On April 1, the name of the course formerly known as Lombard Glen and Country Club went up in smoke.
Perhaps April 20 would have been more appropriate. As in the 20th day of the fourth month.
That’s because 420 is the police code for Marijuana Smoking in Progress.
And that’s precisely what is welcomed at Rolling Greens Golf Club after it opened this spring in Smiths Falls, Ontario, not far from Ottawa, the capital of Canada, the country that decriminalized cannabis last fall.
Before you get all sparked up, Gordon Weiske has heard all the lines.
Weiske is a partner in the takeover and is billed as the course’s “director of entertainment.” Appropriately so, since the new course’s website advertises Cannabis-Themed Glow-in-the-Dark Fun (settle down, it’s a putt-putt contest) and a drive-in-movie theater, live music, “rides, games, shows and more!”
It’s the only course where weed is welcome, where pot bunkers and grass have whole new meanings as does smoking one down the middle. Enough, already.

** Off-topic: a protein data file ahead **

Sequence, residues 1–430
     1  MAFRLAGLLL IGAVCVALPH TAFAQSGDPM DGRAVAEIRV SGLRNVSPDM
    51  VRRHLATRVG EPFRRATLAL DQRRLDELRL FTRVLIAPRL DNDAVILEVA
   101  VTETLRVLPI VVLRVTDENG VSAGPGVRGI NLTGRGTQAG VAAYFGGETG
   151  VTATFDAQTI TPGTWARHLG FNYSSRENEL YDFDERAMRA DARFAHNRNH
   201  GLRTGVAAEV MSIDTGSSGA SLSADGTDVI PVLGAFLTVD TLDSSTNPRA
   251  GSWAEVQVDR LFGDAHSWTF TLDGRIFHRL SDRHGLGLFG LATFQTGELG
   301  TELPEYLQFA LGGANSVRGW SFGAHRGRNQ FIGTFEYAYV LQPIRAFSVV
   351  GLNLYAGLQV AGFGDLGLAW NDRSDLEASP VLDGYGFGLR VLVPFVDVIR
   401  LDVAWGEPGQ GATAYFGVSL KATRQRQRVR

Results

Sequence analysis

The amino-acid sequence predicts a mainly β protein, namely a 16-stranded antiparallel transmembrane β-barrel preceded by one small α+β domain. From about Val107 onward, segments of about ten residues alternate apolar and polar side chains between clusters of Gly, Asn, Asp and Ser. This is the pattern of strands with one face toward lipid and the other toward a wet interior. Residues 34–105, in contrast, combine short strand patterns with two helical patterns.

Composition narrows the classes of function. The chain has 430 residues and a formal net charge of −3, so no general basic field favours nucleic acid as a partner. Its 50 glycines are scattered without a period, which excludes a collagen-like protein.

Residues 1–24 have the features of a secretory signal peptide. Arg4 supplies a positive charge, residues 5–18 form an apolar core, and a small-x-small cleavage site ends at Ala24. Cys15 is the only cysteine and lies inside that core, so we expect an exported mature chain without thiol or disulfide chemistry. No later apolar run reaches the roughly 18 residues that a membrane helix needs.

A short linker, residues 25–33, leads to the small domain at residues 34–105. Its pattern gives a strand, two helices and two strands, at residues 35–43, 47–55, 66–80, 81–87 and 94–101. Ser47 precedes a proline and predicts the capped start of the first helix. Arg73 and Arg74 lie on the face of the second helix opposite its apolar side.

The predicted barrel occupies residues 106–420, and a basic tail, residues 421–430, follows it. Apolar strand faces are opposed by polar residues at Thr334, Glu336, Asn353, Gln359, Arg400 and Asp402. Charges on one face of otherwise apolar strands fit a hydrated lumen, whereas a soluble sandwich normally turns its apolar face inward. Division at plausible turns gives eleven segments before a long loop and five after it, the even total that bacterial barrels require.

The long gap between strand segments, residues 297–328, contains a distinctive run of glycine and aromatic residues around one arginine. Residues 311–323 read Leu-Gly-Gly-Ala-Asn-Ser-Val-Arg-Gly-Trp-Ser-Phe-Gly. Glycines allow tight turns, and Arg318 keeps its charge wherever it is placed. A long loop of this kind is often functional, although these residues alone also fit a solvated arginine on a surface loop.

Let’s be blunt. (Sorry.)
“Our tagline is going to be, ‘Come roll with us,’” says Weiske.
The Rolling Greens experience is definitely not suited for everyone, especially at a time when the industry is looking to welcome families and juniors to the game.
Rolling Greens is restricted to customers 19 years of age and older, in compliance with federal laws concerning cannabis consumption. Although the course is close to the largest cannabis producer, marijuana will not be sold at the course.
“It’s BYOB, bring your own bud,” says Weiske.
Initial reaction has been mixed, to say the least. Social media postings indicate that current members and traditional golfers are less than thrilled.
And the course’s most famous range rat will almost certainly never tee it up there again. LPGA star Brooke Henderson, a native of Smiths Falls and a devout Christian, used to make regular appearances there to practise.
As for the course itself, it celebrated its 50th anniversary in 2016. Formerly family-owned, a review on Flagstick.com at the time noted that “tree-lined fairways and large bentgrass greens are featured along with water hazards on half of the holes. ... Challenging and interesting are two words that can best describe play on the golf course.”
Interesting, in weed.
Excuse me, “indeed.”
John Gordon, who has covered golf for more than 30 years for Canadian newspapers, magazines and a TV network, has authored eight books on the game. He lives in Midland, Ontario.